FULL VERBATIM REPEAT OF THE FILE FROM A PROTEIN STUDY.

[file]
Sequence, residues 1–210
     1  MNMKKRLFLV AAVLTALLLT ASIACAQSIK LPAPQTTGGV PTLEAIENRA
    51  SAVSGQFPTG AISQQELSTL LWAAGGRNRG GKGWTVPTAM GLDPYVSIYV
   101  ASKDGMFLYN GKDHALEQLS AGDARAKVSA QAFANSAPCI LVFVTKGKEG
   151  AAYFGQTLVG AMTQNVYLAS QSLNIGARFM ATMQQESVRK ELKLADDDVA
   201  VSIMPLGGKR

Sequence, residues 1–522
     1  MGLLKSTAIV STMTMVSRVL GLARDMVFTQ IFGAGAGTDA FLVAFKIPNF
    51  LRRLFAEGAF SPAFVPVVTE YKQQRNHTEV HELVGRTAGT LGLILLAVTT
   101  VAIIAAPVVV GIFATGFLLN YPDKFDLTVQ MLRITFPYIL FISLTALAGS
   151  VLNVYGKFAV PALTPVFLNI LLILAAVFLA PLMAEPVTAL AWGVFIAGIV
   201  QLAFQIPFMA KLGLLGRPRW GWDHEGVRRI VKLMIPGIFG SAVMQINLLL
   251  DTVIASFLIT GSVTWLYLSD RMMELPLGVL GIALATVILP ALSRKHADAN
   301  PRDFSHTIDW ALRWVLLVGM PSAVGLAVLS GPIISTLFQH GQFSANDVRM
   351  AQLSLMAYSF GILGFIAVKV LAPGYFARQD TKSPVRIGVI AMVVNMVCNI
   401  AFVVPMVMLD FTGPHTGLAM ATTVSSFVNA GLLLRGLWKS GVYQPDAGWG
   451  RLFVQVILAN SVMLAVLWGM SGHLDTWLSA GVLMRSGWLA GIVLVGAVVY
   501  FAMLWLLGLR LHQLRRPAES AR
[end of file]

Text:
Sequence, residues 1–210
     1  MNMKKRLFLV AAVLTALLLT ASIACAQSIK LPAPQTTGGV PTLEAIENRA
    51  SAVSGQFPTG AISQQELSTL LWAAGGRNRG GKGWTVPTAM GLDPYVSIYV
   101  ASKDGMFLYN GKDHALEQLS AGDARAKVSA QAFANSAPCI LVFVTKGKEG
   151  AAYFGQTLVG AMTQNVYLAS QSLNIGARFM ATMQQESVRK ELKLADDDVA
   201  VSIMPLGGKR

Sequence, residues 1–522
     1  MGLLKSTAIV STMTMVSRVL GLARDMVFTQ IFGAGAGTDA FLVAFKIPNF
    51  LRRLFAEGAF SPAFVPVVTE YKQQRNHTEV HELVGRTAGT LGLILLAVTT
   101  VAIIAAPVVV GIFATGFLLN YPDKFDLTVQ MLRITFPYIL FISLTALAGS
   151  VLNVYGKFAV PALTPVFLNI LLILAAVFLA PLMAEPVTAL AWGVFIAGIV
   201  QLAFQIPFMA KLGLLGRPRW GWDHEGVRRI VKLMIPGIFG SAVMQINLLL
   251  DTVIASFLIT GSVTWLYLSD RMMELPLGVL GIALATVILP ALSRKHADAN
   301  PRDFSHTIDW ALRWVLLVGM PSAVGLAVLS GPIISTLFQH GQFSANDVRM
   351  AQLSLMAYSF GILGFIAVKV LAPGYFARQD TKSPVRIGVI AMVVNMVCNI
   401  AFVVPMVMLD FTGPHTGLAM ATTVSSFVNA GLLLRGLWKS GVYQPDAGWG
   451  RLFVQVILAN SVMLAVLWGM SGHLDTWLSA GVLMRSGWLA GIVLVGAVVY
   501  FAMLWLLGLR LHQLRRPAES AR